• Sally Love

Learning my rage


I have been reading about rage for a few years. I remember the first time I came across the words rage and motherhood in the same sentence. A sense of relief, of being seen, washed over my insides, like a wave over rocks. Rage, this secret, shameful emotion. Or so I thought up until that point. Since then I've gotten more and more curious about it. Why? Because I am a mother of a 6 year old, a 4 year old and currently 20 weeks pregnant with our lucky last little bundle of joy and hormones and morning sickness and overwhelming feelings. Of course his name won't be that and I won't associate him with these feelings once he's in the world. The rush of newborn hormones will hold me for a while and I am very much looking forward to those. 

But back to rage. Molly Caro May was the one who introduced me to rage and motherhood and the legitimate normalcy of feeling rage, especially as a mother. Before children I had never before felt rage like I do now. I know that it is accumulative, for me anyway. The same as depression. Slowly building over time. A cup of tiredness, a sprinkle of repeating myself like a broken record with no response from the smalls, no prioritising of my own needs throughout the day, possibly food being thrown across the table and I'm done. Red. Exploding head emoji. The angry lioness monster emerges. The edges are blurry. The fear in their eyes is real and my husband pushing me towards the bedroom with the words 'just walk away' echoing off my back. 

Now, I know it's ok to feel rage. I know it's important to be in and really express my emotions, including rage. I am also learning that to express my rage in front of others, namely my children and my husband, is to deem myself powerless. Is to loose any kind of healing around the expression. Is to cause more hurt and damage then I could ever wish for. 

When the lioness monster emerges I cannot take back what was said or the noises I made. I can't erase the moment of total loss of control. But I can quietly, humbly explain and apologise to each individual. I can clean up my own messes. I know that is important. Somewhere deep in my notes on my phone when miss 6 was miss 3 months I wrote down something a psychologist told me at a talk I went to on parenting 'It's what you do afterwards that matters. That either heals or causes damage. Acknowledge the hurt.' I guess it resonated with me then but I can see and feel the value in that message now more then ever. Clean my own shit up.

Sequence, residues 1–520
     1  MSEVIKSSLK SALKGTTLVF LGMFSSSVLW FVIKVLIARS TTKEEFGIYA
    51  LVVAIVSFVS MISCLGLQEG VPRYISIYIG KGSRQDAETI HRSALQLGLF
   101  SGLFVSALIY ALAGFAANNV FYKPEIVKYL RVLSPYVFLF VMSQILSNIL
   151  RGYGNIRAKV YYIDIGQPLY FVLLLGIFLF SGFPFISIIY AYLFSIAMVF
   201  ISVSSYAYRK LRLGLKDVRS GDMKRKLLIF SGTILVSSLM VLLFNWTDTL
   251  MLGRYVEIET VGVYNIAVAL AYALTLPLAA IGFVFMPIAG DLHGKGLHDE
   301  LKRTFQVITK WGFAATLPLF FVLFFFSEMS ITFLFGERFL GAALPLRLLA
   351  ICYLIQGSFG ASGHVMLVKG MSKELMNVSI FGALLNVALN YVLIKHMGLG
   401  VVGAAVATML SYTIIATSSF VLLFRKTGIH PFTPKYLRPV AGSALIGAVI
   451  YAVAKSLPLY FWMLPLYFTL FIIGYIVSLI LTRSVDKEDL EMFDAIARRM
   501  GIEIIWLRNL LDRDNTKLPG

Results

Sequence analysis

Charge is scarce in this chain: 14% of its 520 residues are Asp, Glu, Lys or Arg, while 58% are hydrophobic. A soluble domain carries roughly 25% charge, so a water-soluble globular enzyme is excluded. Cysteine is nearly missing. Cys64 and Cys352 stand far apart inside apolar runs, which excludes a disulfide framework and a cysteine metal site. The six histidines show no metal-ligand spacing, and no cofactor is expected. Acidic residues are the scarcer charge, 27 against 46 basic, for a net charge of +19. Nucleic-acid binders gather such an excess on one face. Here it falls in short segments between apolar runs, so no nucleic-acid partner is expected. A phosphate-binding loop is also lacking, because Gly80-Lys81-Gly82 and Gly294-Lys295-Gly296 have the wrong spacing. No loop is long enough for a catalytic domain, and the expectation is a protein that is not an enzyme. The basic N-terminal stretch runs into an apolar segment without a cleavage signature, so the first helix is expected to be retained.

I am on a journey of learning to express my rage seperate from my family. In private. For my own healths sake and the sake of my family. 

Recently I did a nervous system healing course and the teacher, far away on a little island in Hawaii with poor reception, explained that screaming into the earth, into Mother Earth is where we can find support. Where we can feel held. I practiced into a pillow because, city living. It did feel good. Something in me felt elevated. I couldn't tell if it was endorphins, releasing emotions or head spins from leaning forward. My heart was pounding afterwards. 

Another suggestion I had was to try and catch a breath just before the explosion of rage. In that breath...walk away. Remove myself from the situation. Become less attached to what is going on. Does it really matter that much? 

In the past I would self medicate with alcohol. Not raging drunk but a glass or two to take the edge off. I can't do that in my current situation because, pregnant. With this in mind I am actually really glad, grateful even, that this is my current awareness. My current learning. I'm hoping once mr newborn arrives I can remember that there are other ways to self medicate other then alcohol or food or other forms of self abuse. 

I've noticed on the days I do my sacred 4 (meditate, write, stretch, exercise) I feel on the front foot and can handle almost anything that is thrown my way. Including overcooked, kid friendly, salmon. Still learning. 

What are ways you feel you can deal with your rage? 


7 views

© 2020 by Sally Love